Nickell has toured extensively throughout Europe and the United States as both a recitalist and as a soloist in orchestral works. For the last several years his career has been guided by the Alexander & Buono Foundation, an organization that is working with young classical musicians at the beginning of their career, providing them with advice from both marketing and business standpoints and encouraging them to fulfill their personal artistic vision. Nickell seems to be genuinely thankful for their work: “I can honestly say that without their help and support over the past few years, I would not be in the position I am today.”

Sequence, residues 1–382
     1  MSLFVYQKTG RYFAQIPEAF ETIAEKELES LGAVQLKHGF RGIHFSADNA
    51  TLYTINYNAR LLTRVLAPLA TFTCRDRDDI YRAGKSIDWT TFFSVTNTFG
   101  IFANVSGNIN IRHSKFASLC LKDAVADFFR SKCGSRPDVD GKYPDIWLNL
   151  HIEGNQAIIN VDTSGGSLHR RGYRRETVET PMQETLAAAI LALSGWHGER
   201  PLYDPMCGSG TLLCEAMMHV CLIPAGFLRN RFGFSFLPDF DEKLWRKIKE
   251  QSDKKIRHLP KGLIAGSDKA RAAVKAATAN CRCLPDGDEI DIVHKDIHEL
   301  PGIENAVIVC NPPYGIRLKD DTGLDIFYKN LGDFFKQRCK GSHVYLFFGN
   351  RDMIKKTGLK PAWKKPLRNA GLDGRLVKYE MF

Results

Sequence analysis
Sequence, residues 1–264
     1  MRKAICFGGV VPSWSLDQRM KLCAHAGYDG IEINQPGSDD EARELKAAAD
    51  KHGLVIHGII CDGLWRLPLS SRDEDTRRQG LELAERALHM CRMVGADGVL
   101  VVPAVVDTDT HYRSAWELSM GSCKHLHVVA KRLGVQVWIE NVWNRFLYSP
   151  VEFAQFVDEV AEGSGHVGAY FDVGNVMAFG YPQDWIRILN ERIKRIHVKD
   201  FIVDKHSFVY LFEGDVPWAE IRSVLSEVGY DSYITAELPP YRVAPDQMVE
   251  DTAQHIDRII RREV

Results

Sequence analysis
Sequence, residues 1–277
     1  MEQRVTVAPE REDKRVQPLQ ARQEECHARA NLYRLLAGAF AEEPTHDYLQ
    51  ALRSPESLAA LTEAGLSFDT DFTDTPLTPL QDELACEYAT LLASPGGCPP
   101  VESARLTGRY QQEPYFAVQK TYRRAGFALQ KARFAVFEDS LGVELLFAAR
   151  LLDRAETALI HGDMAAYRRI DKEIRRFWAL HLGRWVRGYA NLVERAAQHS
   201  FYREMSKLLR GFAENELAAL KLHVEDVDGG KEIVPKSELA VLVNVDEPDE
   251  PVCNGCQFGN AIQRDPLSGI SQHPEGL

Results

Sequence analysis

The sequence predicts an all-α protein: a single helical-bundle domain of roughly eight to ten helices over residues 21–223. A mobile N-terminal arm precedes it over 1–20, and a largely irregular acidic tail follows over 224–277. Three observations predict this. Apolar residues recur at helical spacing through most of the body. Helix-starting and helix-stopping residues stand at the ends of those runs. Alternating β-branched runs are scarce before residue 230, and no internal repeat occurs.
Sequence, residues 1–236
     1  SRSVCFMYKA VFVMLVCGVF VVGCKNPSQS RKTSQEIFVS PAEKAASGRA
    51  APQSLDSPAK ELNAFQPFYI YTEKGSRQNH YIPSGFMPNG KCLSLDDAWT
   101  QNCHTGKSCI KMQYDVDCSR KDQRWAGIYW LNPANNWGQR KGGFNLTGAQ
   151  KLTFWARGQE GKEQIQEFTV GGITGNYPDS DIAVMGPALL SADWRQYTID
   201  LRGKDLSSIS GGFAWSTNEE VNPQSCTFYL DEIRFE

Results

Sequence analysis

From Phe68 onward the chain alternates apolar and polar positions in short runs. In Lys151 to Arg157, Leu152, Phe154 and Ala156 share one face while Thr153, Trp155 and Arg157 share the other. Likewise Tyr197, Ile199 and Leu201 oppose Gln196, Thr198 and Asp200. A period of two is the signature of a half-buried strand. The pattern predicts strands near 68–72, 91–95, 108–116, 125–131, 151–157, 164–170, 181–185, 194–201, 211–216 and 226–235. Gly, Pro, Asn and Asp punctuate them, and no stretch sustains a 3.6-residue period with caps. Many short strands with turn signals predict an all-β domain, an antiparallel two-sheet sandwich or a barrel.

In an interpreters’ world that seems more and more uniform – same immaculate technique, same repertory played in the same manner – the emergence of such a different kind of talent should be giving listeners a lot of hope. After a hopefully very successful debut in the Zankel Hall, the day of Thomas Nickell’s appearance on the podium of Carnegie’s main auditorium should perhaps not be too far.

 

 

This article was sponsored by Hemsing Associates.